Buying your first digital camera need not be a difficult task. The key considerations are between resolution (how many megapixels), features, and price. The other factors will include battery life, memory, camera zoom, as well as the LCD viewfinder. Think about these issues and you'll definitely have a better idea of which digital camera is right for you.
1. How many megapixels do you need?
Deciding how many megapixels you need is the first important step in finding the right digital camera for you. The image quality of a camera depends on its resolution. Resolution is essentially a measure of image sharpness based on the number of pixels that make up the image. The more pixels the camera has, the sharper the images it can produce. One million pixels equals one megapixel.
If only want to share images via email or online photo albums, then a camera with less than one-megapixel resolution is suitable. Digital cameras in this range are inexpensive and very easy to use. If your intention is to make 4x6-inch prints, then you should get a two-megapixel digital camera. Cameras in this category are an excellent choice for e-mail, online use, and standard 4x6-inch prints.
If you're considering enlarging some of your digital shots to 8x10 inches, then consider a three-megapixel digital camera. Cameras in this category provide excellent-quality images.
Digital cameras in the four to five-megapixel range are capable of producing professional-quality images. These cameras are more suitable for serious amateur and professional photographers.
2. How much money do you want to spend?
The prices of digital cameras vary greatly, from less than $50 to more than $4,000. Prices are based primarily on resolution and features. As always, do expect that the latest models will be priced at a premium. Whereas the best bargains are usually last season's models.
Say you're are looking for a simple camera for their kids. Or maybe you just want to start experimenting with digital photography. Then my advice is do not spend too much money. You can always pick up a inexpensive model first, then later upgrade the camera if you so wish.
You'll find that digital SLR models are much pricier. They'll set you back around $2,000! The vast majority of digital cameras are point-and-shoot models which are (thankfully) much cheaper. Of course, you get what you pay for. A $50 digital camera will not perform as well or provide the same features available with a $300 digital camera. Decide what features you need, then shell out the cash. This will ensure that you will be
satisfied with your purchase.
3. Which digital camera size appeals to you?
I'd say there are three basic sizes of digital cameras - compact, standard and professional. You need to know what size camera suits your needs. Will you travel a lot with your camera? Then a compact model is good. Are you an average home user?
Then maybe a standard sized model is suitable. Consider the size factor before making a purchase.
Compact digital cameras are designed to be stylish, tiny and highly pocketable. They're great for taking fun and adhoc shots. Watch out though - they are generally more expensive than standard-sized cameras with similar features.
Standard digital cameras are pretty similar to 35mm point-and-shoot models in appearance and features. Most of them are too large to fit in your pocket, but you might be able to find some reasonably compact models.
Professional digital cameras will give you additional features like interchangeable lenses, flashes, and other accessories. This category includes Professional SLR (Single Lens Reflex) cameras. Designed for professional and serious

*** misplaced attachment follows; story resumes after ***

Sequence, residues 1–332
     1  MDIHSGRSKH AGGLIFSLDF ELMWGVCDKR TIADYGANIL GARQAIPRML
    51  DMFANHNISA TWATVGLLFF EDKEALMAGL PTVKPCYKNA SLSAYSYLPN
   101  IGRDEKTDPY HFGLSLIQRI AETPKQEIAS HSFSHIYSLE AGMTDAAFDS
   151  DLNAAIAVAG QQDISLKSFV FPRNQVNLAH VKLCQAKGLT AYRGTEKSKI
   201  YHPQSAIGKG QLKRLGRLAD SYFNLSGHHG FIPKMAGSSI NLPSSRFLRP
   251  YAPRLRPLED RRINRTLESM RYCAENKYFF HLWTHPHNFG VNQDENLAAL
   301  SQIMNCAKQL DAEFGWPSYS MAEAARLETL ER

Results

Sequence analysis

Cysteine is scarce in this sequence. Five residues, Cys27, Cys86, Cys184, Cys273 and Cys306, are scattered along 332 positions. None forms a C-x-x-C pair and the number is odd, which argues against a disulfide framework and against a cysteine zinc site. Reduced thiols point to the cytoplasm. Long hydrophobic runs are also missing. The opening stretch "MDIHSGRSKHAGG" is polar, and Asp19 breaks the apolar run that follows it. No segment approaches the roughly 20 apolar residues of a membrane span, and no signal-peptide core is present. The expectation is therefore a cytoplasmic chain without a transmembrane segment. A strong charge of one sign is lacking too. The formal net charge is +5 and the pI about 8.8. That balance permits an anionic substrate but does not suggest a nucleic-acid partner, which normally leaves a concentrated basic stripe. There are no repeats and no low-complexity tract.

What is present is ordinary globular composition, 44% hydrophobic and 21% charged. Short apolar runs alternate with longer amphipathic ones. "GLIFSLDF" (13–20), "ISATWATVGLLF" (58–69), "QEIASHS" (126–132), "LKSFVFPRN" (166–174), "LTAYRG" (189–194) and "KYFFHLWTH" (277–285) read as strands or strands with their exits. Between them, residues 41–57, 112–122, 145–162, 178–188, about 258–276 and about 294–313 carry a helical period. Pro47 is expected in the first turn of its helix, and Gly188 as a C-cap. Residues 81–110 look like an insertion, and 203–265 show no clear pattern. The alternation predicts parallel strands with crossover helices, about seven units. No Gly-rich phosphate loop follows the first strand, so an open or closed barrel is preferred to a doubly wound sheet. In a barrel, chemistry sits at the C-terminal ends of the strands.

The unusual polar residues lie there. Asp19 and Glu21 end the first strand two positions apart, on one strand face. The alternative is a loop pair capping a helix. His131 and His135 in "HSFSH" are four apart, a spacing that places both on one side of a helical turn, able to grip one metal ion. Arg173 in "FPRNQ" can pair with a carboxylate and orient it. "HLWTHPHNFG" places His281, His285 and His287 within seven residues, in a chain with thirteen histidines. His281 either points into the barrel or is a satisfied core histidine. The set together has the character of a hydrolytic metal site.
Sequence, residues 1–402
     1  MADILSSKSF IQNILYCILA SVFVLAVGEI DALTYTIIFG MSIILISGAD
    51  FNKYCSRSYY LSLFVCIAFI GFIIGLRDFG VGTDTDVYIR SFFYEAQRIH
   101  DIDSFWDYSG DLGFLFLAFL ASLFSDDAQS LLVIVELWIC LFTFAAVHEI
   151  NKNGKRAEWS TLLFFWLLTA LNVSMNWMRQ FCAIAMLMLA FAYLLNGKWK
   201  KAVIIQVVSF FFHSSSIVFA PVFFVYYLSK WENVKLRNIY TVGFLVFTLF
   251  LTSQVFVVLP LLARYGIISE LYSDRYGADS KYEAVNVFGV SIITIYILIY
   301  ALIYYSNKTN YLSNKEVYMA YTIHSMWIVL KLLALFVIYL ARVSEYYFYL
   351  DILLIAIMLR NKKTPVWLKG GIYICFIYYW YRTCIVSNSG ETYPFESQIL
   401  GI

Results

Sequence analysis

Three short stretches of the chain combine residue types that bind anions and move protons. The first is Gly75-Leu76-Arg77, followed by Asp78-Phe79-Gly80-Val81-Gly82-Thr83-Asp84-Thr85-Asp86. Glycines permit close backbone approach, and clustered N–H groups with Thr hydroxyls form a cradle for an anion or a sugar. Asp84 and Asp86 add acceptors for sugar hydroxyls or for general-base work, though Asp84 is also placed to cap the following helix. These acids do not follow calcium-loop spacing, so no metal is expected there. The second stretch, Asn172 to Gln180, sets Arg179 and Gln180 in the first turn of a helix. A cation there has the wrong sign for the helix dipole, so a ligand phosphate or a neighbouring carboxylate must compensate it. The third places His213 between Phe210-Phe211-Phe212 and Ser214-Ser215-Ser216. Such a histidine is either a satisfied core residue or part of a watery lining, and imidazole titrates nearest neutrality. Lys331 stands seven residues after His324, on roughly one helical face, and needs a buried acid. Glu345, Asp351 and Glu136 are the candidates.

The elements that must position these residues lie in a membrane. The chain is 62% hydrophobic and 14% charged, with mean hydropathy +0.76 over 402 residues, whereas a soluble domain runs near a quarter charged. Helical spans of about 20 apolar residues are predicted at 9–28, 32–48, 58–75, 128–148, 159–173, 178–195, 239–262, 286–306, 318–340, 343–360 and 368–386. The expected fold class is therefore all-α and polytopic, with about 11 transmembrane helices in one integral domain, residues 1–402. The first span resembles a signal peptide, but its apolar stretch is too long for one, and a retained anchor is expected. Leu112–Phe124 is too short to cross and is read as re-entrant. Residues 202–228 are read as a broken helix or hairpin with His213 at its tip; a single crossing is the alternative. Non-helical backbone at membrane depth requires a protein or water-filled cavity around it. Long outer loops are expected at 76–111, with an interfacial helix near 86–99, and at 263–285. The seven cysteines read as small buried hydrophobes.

amateur photographers who require a high degree of manual control.
4. Battery Life/Power
This is one of the most overlooked factors in choosing a digital camera. Always look for a model with a long lasting battery. And remember - the more you use the LCD viewfinder, the faster the batteries will go. Many digital cameras are
packed with battery chargers and rechargeable batteries, but some are not. Do bear in mind that buying rechargeable batteries and a charger will typically add from $30 to $100 to the base cost of the camera.
5. How much memory?
Digital cameras store photos in memory. Traditional cameras use film. What's the difference? Well, digital camera memory is reusable! The capacity (size) of the image memory storage will determine how many images you can store.
There are two kinds of memory: built-in memory and removable storage memory. Most cameras use removable storage memory to record images. The most popular forms of removable storage memory are Compact Flash cards , Sony Memory Sticks, and SmartMedia Cards. These days, memory sizes of 128MB and 256MB are considered to be the standard for most cameras.
6. Optical Zoom & Digital Zoom
It's useful to know that many digital cameras provide both an optical and a digital zoom. It's important to understand the difference between the two. Photo quality is not compromised by optical zoom. But digital zooms use internal software to magnify a small area of the picture, which results in a noticeable loss of image quality.
7. LCD Viewfinders
When buying digital cameras, one consideration might be the liquid-crystal display (LCD) viewfinder. It allows you to see what your picture will look like before you take it. LCD viewfinders also permit you to view saved images and delete the ones that you don't like.
If you've always wanted to buy a digital camera, now is the time! A couple of years ago, an average two-megapixel digital camera cost about $800. Today, an average two-megapixel digital camera costs less than $300. So don't hesitate, invest in a good camera today.
Gary Hendricks runs a hobby site at http://www.basic-digital-photography.com. Read his tips on digital photography and learn to shoot better photos with your digital camera. He can be contacted at email@example.com.